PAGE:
Pelicans and fish waste don’t mix

Temporary pelican housing in Arcata

Tim, Becky, and I just returned from Arcata where we were helping our friends at Bird Ally X and Humboldt Wildlife Care Center with a pelican response.  Pelicans all along the north coast have been contaminated with fish waste being discharged into the ocean.  Instead of getting a free meal, they get oily feathers and lose their waterproofing.  Although Bird Ally X is working with local authorities to stop the discharge, in the meantime they have more than 100 contaminated pelicans waiting to be washed.

Tim and Becky spent all day Tuesday working on facilities, finishing up another tent to house dirty pelicans. Tim made some improvements on the other tents, increasing ventilation with strategically placed holes and some fans.  I examined and bled pelicans already in care, did some intake exams, and looked at the medical cases.  Becky helped with pelican exams, cared for sick pelicans, and processed the blood samples.  Tim also built a second wash station, which will help a lot, as many birds are currently ready for wash.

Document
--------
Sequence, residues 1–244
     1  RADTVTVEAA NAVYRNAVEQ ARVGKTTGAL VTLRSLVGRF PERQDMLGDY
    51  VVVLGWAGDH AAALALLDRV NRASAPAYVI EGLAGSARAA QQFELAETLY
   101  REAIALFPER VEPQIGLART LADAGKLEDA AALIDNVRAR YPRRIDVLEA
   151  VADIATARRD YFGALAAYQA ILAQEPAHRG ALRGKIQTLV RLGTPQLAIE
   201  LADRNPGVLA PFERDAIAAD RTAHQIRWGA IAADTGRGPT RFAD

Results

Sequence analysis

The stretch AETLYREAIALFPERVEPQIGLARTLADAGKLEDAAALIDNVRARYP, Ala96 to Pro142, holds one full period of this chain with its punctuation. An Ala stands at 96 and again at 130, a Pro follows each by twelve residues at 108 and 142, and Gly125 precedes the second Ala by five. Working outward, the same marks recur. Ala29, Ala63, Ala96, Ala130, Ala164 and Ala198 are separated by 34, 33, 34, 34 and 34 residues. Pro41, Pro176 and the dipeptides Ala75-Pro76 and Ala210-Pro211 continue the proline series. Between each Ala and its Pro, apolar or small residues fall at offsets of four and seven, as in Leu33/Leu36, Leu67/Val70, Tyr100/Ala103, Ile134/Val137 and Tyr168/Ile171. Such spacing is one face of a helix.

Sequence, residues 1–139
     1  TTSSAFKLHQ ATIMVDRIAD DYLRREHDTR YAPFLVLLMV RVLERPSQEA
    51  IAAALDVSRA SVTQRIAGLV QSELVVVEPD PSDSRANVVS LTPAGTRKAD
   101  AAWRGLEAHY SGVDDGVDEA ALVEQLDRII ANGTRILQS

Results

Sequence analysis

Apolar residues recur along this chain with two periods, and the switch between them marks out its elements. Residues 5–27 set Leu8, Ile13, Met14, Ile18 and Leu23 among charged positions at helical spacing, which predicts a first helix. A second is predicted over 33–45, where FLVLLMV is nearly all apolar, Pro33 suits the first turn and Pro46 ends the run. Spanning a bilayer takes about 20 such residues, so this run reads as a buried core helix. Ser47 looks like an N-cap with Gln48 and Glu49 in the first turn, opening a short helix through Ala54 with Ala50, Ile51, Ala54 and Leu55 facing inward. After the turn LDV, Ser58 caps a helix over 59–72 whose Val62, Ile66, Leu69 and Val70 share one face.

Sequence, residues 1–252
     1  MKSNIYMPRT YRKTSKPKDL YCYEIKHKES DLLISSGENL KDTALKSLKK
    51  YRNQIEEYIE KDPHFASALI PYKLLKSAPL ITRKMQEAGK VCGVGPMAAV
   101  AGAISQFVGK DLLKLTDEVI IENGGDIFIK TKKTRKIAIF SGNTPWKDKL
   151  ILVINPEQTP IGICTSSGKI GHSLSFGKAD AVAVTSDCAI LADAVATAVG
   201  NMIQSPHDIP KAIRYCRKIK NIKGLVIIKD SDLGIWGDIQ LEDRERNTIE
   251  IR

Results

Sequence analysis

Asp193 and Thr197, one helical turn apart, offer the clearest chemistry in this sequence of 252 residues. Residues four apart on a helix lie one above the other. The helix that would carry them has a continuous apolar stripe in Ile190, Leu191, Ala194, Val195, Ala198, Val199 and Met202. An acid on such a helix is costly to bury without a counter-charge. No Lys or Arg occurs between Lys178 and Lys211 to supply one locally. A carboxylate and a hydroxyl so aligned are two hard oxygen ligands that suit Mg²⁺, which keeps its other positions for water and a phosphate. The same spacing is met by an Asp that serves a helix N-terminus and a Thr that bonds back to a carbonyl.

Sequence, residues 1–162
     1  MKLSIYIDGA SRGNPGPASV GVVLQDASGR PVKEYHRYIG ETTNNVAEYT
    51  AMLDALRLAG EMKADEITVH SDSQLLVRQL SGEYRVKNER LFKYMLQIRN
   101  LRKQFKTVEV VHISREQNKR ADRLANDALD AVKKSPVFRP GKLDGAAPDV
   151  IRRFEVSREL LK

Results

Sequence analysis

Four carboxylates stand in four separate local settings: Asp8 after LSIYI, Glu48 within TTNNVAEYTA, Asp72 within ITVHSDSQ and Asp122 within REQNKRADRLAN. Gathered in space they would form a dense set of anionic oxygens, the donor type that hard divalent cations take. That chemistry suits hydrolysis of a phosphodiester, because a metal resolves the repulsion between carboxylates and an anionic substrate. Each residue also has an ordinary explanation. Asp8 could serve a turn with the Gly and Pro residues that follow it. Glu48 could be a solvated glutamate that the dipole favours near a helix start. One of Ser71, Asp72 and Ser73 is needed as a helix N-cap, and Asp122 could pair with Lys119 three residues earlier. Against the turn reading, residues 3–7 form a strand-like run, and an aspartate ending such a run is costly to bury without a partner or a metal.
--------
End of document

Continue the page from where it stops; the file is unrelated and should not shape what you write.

They have some very dedicated interns and volunteers helping out, but because it is summer in this college town, there aren’t as many people around to help.  On the other hand, a steady stream of new volunteers came through the doors, showing that the local community is eager to help with their pelican population.  Volunteers also took care of the staff, bringing by coffee, bagels, snacks, and even home-cooked meals!  Luckily, the pelicans are self-feeding, so that helps simplify things a bit.

If you’ve been looking for an excuse to visit the Humboldt Bay area, now’s the time — volunteers are urgently needed to help with construction as well as washing and animal care.

Christine

Here’s Becky showing off her talents at facilities modification!

Pelicans in a tent, with their new ventilation fan visible in back, courtesy of Tim.

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